This plant is a biodiversity hub in my garden. A few moments of close observation on any given day reveals species galore. From the Eastern Sedge Frog family to Rainbow Lorikeets to countless insects, I am never disappointed. My children are also regularly drawn to the tree to gather and gobble the tiny sweet fruits or search for caterpillars and eggs. They are inevitably rewarded for their efforts.
Also known as:
- False Stinger
- White Mulberry
- White Nettle
- Koomeroo Koomeroo
- Queensland Grass-Cloth Plant
- Full sun/part shade (Prefers full sun)
- Prefers moist conditions, but is drought tolerant with intermittent watering (It may defoliate, but mine have come back with regular moisture. )
- Well drained soil
- Frost tender, especially when young
- Grows 3-8 metres tall and 3-5m wide, responds well to pruning
- Excellent hedging or screening plant
- Fresh seed/cuttings
- Dioescious (Male and female plants) – female plants will set fruit without a male, but will not produce viable seed
It’s easy to see why this plant is called Native Mulberry. It’s form, structure and flowers are certainly reminiscent of the Mulberry Trees that many of us grew up raiding for the succulent purple berries that stained our hands and mouths. However, that’s where the similarities end. This tree is part of the nettle family. Thankfully it doesn’t sting like many of its cousins and it produces delicious, if variable in taste, small berries. It produces fruit from January to July, but the harvests are small and inevitably shared with wildlife.
The first tree that I bought survived the drought and is still going. It is small, probably partly due to its position which gets dappled shade for most of the day. Of the two I bought later, one perished during the last months of the drought and the other is flourishing and threatening to overwhelm the Lemon Tea Tree that is planting next to it. It is in a position that gets full sun for most of the day. It has been flowering and producing fruit since mid January, around four months and shows no signs of stopping. It is frequently visited by all of our family, as well as Rainbow Lorikeets, Blue-eyed Honeyeaters, various butterflies and moths and countless other insects. An Eastern Sedge Frog family of at least three individuals also lives in the branches and calls at all times of day and night.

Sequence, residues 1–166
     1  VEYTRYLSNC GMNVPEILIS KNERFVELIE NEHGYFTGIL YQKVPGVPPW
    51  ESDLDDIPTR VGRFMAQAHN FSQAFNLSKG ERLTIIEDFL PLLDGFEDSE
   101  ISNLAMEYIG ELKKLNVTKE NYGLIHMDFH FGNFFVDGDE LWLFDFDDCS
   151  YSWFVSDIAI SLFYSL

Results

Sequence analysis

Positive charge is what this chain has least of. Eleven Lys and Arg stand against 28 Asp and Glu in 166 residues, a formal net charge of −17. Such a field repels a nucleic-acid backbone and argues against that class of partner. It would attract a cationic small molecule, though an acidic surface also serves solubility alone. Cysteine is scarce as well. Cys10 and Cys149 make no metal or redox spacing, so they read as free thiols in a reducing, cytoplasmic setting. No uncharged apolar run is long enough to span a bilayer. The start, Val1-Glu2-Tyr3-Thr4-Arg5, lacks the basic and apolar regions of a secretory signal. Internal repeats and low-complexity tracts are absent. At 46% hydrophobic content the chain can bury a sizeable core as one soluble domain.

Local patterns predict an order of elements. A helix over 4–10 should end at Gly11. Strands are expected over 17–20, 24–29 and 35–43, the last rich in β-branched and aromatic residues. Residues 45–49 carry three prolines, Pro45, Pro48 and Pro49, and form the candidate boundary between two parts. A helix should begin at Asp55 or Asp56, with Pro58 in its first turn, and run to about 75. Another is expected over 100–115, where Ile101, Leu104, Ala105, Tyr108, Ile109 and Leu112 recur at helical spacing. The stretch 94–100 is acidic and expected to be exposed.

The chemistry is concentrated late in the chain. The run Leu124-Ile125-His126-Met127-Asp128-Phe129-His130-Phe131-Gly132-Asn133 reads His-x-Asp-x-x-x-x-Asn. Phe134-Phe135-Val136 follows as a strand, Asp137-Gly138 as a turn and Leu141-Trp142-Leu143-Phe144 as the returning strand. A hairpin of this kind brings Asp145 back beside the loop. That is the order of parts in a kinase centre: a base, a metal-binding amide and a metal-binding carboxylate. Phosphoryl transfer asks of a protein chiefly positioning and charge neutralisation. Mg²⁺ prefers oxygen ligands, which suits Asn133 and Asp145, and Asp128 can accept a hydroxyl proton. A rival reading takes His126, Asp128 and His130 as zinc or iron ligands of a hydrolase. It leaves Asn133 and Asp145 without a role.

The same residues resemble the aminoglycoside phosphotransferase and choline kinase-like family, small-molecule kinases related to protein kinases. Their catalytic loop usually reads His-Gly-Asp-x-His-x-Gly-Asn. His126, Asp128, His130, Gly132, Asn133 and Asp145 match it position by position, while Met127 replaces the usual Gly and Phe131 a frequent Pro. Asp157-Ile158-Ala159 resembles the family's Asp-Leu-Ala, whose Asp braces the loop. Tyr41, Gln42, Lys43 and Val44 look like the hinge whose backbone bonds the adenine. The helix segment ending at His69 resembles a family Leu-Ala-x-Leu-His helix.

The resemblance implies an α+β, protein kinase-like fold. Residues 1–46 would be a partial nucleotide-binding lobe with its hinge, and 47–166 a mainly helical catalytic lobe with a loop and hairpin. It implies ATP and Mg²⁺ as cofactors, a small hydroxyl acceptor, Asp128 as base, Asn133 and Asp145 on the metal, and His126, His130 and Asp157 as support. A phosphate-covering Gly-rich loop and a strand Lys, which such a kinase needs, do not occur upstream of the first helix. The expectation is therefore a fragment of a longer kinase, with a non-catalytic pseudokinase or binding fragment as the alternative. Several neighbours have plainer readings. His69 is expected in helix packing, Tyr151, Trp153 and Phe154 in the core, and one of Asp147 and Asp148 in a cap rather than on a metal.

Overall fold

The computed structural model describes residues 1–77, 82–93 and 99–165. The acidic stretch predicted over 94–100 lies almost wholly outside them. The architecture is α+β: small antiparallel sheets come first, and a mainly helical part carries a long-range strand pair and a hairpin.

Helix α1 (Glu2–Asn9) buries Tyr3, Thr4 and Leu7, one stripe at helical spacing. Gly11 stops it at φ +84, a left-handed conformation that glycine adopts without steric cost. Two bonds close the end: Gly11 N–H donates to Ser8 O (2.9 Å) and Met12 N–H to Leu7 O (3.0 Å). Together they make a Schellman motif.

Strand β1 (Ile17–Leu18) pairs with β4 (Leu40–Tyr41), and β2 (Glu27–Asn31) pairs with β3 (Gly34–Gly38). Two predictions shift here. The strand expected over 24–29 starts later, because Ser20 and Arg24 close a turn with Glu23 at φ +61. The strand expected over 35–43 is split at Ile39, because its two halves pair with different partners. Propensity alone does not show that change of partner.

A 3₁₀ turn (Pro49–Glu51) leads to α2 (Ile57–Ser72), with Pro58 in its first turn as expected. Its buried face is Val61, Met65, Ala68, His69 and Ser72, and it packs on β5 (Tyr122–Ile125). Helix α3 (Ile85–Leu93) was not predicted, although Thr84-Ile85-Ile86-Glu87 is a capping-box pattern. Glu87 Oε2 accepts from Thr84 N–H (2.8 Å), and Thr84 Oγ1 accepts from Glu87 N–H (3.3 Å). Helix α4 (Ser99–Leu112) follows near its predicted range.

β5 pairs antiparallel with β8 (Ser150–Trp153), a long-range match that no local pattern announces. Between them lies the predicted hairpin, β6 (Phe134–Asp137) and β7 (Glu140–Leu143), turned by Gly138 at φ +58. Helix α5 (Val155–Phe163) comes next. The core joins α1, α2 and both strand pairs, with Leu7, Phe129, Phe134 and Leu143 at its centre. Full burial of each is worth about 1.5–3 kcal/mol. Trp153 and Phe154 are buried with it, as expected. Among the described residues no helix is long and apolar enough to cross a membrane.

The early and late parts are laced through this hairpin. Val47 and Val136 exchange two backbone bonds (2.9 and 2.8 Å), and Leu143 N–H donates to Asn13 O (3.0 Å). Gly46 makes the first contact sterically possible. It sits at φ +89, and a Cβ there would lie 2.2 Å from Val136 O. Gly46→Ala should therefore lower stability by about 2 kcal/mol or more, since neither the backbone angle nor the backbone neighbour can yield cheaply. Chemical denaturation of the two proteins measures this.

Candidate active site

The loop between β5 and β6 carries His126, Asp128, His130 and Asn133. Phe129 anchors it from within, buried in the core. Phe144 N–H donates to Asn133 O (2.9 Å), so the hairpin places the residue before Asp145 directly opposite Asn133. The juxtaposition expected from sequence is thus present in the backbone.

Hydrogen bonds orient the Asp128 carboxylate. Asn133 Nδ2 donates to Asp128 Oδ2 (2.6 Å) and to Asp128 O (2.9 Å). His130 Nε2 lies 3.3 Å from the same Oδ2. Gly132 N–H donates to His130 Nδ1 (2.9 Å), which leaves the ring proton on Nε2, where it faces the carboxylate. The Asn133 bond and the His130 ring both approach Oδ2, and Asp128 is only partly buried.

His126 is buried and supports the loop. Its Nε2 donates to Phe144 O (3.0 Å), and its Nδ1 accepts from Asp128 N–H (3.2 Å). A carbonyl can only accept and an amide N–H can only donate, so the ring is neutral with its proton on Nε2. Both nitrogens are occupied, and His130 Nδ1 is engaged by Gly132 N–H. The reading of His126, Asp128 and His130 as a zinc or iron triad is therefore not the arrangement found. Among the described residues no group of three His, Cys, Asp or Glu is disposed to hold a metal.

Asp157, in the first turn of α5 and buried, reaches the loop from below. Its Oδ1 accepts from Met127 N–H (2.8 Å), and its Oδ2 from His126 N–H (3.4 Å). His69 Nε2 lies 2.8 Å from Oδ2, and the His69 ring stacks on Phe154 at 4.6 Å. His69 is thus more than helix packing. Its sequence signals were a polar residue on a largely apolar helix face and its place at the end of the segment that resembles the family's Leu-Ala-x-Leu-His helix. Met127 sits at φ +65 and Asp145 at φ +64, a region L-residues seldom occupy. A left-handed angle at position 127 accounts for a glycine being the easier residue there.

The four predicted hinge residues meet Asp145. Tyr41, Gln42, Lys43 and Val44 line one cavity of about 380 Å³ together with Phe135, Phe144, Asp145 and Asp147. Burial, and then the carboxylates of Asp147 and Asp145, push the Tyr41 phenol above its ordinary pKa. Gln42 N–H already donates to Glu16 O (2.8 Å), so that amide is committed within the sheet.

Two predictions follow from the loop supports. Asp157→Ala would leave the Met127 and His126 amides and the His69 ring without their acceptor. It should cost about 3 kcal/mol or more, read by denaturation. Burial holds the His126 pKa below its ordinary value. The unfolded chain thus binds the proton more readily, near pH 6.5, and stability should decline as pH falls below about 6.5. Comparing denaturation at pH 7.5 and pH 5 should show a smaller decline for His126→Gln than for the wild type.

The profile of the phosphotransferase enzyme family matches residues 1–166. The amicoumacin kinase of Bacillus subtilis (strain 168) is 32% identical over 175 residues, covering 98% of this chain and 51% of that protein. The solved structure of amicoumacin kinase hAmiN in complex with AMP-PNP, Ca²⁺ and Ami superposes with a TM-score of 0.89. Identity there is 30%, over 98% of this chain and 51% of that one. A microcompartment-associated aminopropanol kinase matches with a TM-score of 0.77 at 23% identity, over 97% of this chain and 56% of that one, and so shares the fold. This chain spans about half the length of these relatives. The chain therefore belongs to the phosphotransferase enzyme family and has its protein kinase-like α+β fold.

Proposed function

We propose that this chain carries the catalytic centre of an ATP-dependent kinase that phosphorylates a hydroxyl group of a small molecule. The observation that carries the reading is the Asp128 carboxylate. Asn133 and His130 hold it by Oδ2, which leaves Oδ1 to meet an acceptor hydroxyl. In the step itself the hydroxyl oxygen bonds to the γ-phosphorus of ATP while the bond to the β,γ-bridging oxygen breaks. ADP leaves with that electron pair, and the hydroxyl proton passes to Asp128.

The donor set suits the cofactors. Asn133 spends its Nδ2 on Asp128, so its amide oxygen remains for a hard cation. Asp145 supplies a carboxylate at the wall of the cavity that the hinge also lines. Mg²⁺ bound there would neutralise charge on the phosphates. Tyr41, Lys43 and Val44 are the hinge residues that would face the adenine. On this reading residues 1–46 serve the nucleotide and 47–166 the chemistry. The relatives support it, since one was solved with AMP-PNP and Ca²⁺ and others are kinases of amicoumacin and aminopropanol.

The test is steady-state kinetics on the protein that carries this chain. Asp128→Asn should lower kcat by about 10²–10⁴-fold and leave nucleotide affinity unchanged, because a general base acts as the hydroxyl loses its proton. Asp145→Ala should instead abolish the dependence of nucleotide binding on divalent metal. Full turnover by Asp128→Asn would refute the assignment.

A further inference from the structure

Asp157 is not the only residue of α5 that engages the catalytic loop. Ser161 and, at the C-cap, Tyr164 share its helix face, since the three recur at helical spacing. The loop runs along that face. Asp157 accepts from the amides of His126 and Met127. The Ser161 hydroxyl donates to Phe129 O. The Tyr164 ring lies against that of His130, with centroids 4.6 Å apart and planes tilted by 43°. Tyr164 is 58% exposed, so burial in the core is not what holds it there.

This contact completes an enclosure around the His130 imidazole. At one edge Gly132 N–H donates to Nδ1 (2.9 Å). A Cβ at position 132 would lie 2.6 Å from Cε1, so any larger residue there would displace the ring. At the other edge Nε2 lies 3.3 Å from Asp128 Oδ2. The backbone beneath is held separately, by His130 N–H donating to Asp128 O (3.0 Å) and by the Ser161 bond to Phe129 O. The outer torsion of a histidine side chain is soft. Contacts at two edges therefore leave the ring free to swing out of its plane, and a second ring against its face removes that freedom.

This is a rainforest and wet schlerophyl forest plant that appears in disturbed areas. It is a hardy pioneer that responds well to pruning. Without pruning it has a tendency to become “leggy”. Its natural distribution is from Lismore in New South Wales North along the East Coast to North Queensland and around to the Northern Territory, as well as some Asia-Pacific nations, including Guam, Samoa and Indonesia.
First described during Captain James Cook’ s 1769 voyage, this plant had been used for centuries before that by First Nation peoples in its range. Indigenous Australian women and newborn babies ate the seeds. The bark was used to make fishing nets and dyes in Eastern Australia. Every aerial part of the plant was used medicinally to treat ailments from coughs to malaria to burns to centipede bites. The wood was used for construction and the tough fibrous bark was used to make traditional mats in Samoa.
As for the scientific name, argenteus is generally accepted as referring to the silvery underside of the leaf. Pipto is Greek “to fall” perhaps referring to the fruit which drops easily from the branches when ripe and ouro means “long tail” which could refer to the hairy stigma or the leaf petiole.
This plant is host to many butterfly species which is clearly evident from the activity in my garden. Having said that, the foliage is so abundant that the damaged and eaten leaves are far from obvious.
This tree is a rewarding addition to a garden or food forest that will enhance your biodiversity and provide a welcome snack whenever you pass by during the long fruiting season.
Wishing you berries and biodiversity,
Jane Grows Garden Rooms
PS This plant is on my Ten Australian Bush Food Plants for Your Garden list. Click here to read the full article.